Students with ADHD often experience challenging behaviors that can significantly impact their learning and occupational performance in the classroom.
Unfortunately, without a clear understanding of ADHD, these behaviors can be misunderstood as willful misconduct. Caregivers may judge these students as “disruptive, troublemakers, lazy, unmotivated, procrastinators, explosive, students that don’t care,” and so forth. This misunderstanding can be a formidable barrier to the student’s health, academic achievement, and future prognosis.
I have to be honest. When I read the term “behavior intervention”, I think ABA. I picture compliance based operant conditioning.and I cringe. Thankfully, operant conditioning is not supported by evidence to improve classroom functioning of students with ADHD.
“Behavioral interventions” include numerous evidence-based psychosocial interventions that can help address the root cause of these behavioral problems. These interventions target both performance deficits and skills deficits in order to truly address the educational needs of students with ADHD and ultimately decrease their “problematic” behaviors.
This post will guide the reader’s understanding of the root cause of behavioral problems associated with ADHD and provide understanding of the evidence-based interventions that can help students with ADHD improve their classroom behavior.
Understanding Problem Behaviors in Students with ADHD
Behavior is a triggering word today. Our society has too long ignored the varied possible explanations of ones behavior, favoring a compliance above all else model, especially in the school system.
Behavior is defined as an “observable response to a stimulus”. Therefore when we are discussing behavior, we are always referring to a response or reaction to a stimulus from our internal or external environment. One can not separate a behavior from its stimulus or its context.
ADHD is not a behavioral disorder. ADHD is a neurodevelopmental disorder that impacts our neurochemistry altering the levels of availability of neurotransmitters in the brain. Insufficient neurotransmitter activity in the prefrontal cortex of the brain causes a delayed development of executive function and self regulation skills.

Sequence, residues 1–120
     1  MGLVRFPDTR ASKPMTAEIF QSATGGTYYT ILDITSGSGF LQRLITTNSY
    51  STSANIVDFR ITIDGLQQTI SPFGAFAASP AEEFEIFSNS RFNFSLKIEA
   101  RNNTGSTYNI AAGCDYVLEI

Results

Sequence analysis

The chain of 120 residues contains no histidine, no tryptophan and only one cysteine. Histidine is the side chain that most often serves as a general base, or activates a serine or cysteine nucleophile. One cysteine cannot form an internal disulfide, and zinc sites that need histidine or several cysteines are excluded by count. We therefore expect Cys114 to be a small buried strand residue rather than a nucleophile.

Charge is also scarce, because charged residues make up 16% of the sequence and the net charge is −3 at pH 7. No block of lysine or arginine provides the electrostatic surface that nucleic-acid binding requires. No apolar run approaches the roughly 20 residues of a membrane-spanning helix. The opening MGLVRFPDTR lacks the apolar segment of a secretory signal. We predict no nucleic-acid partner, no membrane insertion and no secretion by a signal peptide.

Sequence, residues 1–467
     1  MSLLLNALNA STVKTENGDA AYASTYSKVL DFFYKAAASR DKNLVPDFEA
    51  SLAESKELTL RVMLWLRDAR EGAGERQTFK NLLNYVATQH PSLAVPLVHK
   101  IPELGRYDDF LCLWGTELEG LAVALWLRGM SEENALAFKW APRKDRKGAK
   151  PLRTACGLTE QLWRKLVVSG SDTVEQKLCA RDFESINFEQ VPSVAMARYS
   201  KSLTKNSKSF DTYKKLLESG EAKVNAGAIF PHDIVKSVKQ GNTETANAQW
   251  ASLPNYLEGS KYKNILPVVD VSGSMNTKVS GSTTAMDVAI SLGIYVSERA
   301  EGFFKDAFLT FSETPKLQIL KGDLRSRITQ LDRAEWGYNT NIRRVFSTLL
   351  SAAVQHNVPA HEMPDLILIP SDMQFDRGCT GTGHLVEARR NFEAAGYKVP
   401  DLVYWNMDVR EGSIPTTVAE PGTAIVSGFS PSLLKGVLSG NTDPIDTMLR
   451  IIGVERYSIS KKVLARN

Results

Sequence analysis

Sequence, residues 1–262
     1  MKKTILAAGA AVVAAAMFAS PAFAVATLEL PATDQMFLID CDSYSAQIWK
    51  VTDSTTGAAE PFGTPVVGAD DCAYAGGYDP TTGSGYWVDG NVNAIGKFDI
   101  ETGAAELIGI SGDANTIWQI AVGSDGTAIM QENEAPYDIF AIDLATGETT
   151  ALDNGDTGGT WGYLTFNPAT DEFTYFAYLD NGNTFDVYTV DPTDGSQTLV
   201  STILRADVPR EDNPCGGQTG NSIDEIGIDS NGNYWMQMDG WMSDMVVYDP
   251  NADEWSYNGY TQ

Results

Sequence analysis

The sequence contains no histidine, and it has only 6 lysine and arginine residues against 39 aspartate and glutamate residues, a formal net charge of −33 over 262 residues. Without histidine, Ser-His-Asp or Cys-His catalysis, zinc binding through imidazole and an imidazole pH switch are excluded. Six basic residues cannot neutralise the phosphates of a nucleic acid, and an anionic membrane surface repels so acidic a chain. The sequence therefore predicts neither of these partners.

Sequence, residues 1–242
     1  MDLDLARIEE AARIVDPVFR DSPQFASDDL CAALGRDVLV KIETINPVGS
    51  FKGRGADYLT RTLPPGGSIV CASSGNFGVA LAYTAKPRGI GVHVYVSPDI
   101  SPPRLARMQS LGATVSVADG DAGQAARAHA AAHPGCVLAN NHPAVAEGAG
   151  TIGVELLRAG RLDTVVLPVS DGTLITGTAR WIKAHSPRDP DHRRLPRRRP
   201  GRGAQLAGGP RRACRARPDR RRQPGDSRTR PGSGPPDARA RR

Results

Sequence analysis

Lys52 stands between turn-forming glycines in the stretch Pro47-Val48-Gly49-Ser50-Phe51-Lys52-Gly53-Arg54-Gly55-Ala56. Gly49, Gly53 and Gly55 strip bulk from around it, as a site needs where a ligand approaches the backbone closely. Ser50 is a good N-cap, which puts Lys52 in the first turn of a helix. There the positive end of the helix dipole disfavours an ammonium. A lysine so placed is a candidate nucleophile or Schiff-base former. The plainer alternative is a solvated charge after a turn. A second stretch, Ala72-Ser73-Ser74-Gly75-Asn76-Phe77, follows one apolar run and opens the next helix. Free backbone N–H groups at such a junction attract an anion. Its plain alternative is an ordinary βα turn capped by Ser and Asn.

The observable “behaviors” of an individual with ADHD are caused by neurodevelopmental differences .
The severity of ADHD symptoms is highly impacted by the context , which may be self evident, since behavior is a response to a stimulus. Whats in the context? You, me, this chair and everything else that is not the child.
Children with ADHD lag behind in terms of performance and skill acquisition compared to their peers, and these deficits can manifest as certain behaviors that differ from typically developing peers. For this reason, discipline and behavior modification techniques – such as rewards and consequences – will not effectively address the root cause of challenging behaviors. Punishing, shaming, or bribing a child is not the answer.
Therapists, teachers, and caregivers must understand that ADHD symptoms can only be accurately understood by looking at their neurochemical and developmental origins and their contextual triggers. When the underlying causes are addressed, more sustainable, positive results can be achieved.
“Behavioral Interventions” are Not What You Think
The American Academy of Pediatrics (AAP) Clinical Practice Guideline encourages three evidence-based interventions to manage behavioral outcomes of children with ADHD: medication, behavioral therapy, and school supports.
- Medication aims to normalize the neurochemical cause of symptoms, but is only active during treatment.
- Behavioral therapy, as the AAP describes, is “aimed to change the child’s physical and social environments to help him improve his attention and activity”.
- School supports such as accommodations and educational/ behavioral interventions support positive behavioral outcomes.
Notice that the AAP’s target is not to change the child. They know that ADHD is a chronic neurodevelopmental disorder and that we can not change the neurological wiring of our students. The target is to manage behaviors in context . And when you read closely, the target of the “behavior therapy” is actually the caregiver. Adult caregivers are in charge of the environment.
Behavioral therapy as defined by the AAP , refers to Parent or Caregiver Training and involves training adults to influence the environment to improve the behavior of a child or adolescent in that setting.
School-based occupational therapists take a holistic approach to remove barriers to performance, collaborating with caregivers and capitalizing on the student’s strengths to inspire improved performance and participation. This approach is precisely what the AAP describes when they reference behavioral therapy.
Evidenced Based Classroom “Behavioral” Interventions to Manage ADHD
The school setting is the most impaired life domain for a child with ADHD. Vast research has been conducted to investigate how to improve their behavioral outcomes in this context, and a multimodal approach is essential. Attentive teachers, highly effective accommodations, and research-supported interventions must be implemented to be successful.